‘Game night’ review jason bateman and rachel mcadams shine in a delightful caper comedy electricity kwh calculator

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I take Game Night very seriously. Not the movie, but the night. I never played competitive sports; I fell away from videos games in my early high school years; I wasn’t even all that competitive about things like grade placement in the top of my class (I was third; it was fine). But a Game Night? I come to play. So I was automatically interested in a movie called Game Night, considering the potential therein for some hothouse drama and absurd comedy among a group of friends while games tear them apart. That’s not the movie that Game Night is delivering. Remember in Three Men and a Baby where the movie takes a break for about 25 minutes for a side plot about smuggled drugs and cops, and how it kind of involved the baby in that the baby was put in danger a few times but mostly it was just about how Ted Danson’s actor character had shit friends? Game Night is like if that interlude were the entire movie and you only got to see the cute baby at the beginning.

The above sounds like a criticism, and if I were insane enough to only accept movies that reflected my limited worldview (that worldview being that Game Nights are important and worthy of full films about them), I would throw Game Night out as a failure. But it’s not a failure. It is, in fact, a terrifically fun one-crazy-night caper where a bunch of ordinary, hyper-competitive adults get caught up in a plot involving kidnapping, drugs, and guns. Our central couple, Max and Annie (Bateman and McAdams) are a really great pair. It is shocking and terrible that it should be this remarkable to have a married couple in a mainstream comedy who truly seem to like each other and enjoy each other’s personalities. They’re peas in a pod: competitive, creative, and more than a little petty. Their usual crew of game-night pals include the married Kevin and Michelle (Morris and Bunbury) and handsome-doofus Ryan played by quintessential handsome-doofus Billy Magnussen, who deserves to be ranked among the finest single-tool players in all of Hollywood. Ryan brings his date, Sarah (Horgan), who he knows from work, and that’s our crew save for the occasional efforts to avoid Gary (Plemons), the awkward and only semi-friendly cop neighbor next door.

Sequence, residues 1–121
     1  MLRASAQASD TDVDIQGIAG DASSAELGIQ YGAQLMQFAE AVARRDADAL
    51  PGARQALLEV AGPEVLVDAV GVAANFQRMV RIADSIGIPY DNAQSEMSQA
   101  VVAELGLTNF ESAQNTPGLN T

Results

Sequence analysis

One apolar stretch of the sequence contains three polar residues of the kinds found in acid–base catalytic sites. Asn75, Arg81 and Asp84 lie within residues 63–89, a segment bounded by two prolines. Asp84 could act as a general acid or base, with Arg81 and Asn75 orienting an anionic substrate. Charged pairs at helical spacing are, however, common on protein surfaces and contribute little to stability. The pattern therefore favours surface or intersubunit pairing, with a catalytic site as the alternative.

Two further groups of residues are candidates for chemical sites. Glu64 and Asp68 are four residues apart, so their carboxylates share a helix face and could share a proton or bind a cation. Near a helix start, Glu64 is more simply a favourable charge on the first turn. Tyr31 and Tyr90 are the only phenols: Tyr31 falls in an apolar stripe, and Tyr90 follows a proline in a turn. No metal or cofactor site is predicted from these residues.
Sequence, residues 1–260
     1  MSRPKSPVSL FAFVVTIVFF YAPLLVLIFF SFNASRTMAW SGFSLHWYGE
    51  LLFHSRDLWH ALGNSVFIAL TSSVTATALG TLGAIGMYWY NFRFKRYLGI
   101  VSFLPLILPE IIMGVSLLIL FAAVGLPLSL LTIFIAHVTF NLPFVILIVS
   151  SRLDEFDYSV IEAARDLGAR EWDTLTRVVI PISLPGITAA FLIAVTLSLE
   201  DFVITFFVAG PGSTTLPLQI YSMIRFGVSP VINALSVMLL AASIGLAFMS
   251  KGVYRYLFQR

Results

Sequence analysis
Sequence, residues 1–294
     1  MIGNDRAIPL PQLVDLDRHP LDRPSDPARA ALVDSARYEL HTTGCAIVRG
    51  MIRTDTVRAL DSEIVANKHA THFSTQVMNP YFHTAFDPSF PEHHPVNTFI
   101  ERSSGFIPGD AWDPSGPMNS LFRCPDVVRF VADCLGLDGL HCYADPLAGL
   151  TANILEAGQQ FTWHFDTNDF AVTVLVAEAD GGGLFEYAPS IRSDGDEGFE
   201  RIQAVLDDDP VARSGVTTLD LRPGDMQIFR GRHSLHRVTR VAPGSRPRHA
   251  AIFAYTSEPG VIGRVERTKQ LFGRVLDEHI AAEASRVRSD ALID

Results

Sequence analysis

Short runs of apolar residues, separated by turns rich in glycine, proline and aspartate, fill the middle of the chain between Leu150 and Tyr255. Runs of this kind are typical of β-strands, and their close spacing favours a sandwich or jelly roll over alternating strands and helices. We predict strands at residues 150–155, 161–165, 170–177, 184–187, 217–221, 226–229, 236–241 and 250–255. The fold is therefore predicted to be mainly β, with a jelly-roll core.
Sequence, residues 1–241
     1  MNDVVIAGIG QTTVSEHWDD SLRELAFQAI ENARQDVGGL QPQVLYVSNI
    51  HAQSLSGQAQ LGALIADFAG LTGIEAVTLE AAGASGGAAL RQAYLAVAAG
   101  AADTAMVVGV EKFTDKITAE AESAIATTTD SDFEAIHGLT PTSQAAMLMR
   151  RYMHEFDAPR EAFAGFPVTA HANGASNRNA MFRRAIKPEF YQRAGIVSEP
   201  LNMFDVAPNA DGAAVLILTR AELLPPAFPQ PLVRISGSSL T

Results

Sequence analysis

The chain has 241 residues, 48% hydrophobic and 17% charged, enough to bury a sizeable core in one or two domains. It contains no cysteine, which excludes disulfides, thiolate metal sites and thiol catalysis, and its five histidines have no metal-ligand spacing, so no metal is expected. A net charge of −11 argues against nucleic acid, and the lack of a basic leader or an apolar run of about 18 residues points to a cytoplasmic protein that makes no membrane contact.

When Max’s big-timing brother (Kyle Chandler, playing it juuuust too sleazy to trust) shows up with a role-playing murder-mystery game, it’s easy to see where things are going. We’ve all seen movies before. But Game Night isn’t fun because it’s a whodunnit. It’s fun because it’s an escalating series of internal dares for these couples, and the case is incredibly game to go for it. After that whole business with the Arrested Development press tour, yes, Jason Bateman is cancelled, at least for a while, but come for Rachel McAdams delivering a Rose-Byrne-in- Neighbors level performance, one that once again reminds us of all the years we wasted on movies where the female lead plays a nagging wife instead of the wife who will jam to Third Eye Blind because she doesn’t know that this isn’t a game and she’s playing with a real, loaded gun.

Elsewhere, can we just get a legit romantic comedy starring Sharon Horgan and Billy Magnussen greenlit, like, yesterday? They’re wildly entertaining together, with her intelligence and British directness sparking up against his pretty idiocy. It’s a fantastic vibe with some simmering chemistry that the film only really scratches the surface of. More please.

Who we do end up getting more out of is Plemons, who lurks around the sidelines in the film’s first half, carrying his teeny dog, trying to ingratiate himself into Max and Annie’s plans, and generally looking like a lost character from The ‘burbs, which in case you’re wondering, is a huge compliment. The second half of the film, in many ways, belongs to Plemons, thanks to a plot twist that is genuinely shocking not only in what it reveals but in how it alters the tone of the film.

ALSO? In a development you’re almost certainly not prepared for, Game Night features what is hands-down one of the best film scores of the year, a synth-y, propulsive soundtrack by Drive composer Cliff Martinez. Give it a listen — you will not be disappointed:

So, no, Game Night is not a dark comedy of manners about secrets revealed and relationships tested during a particularly tense game of Celebrity (though it could be, sequel writers!). But it is a likeable, funny, and fast-moving caper that delivers on pretty much all levels. It’ll make for fantastic couch-watching.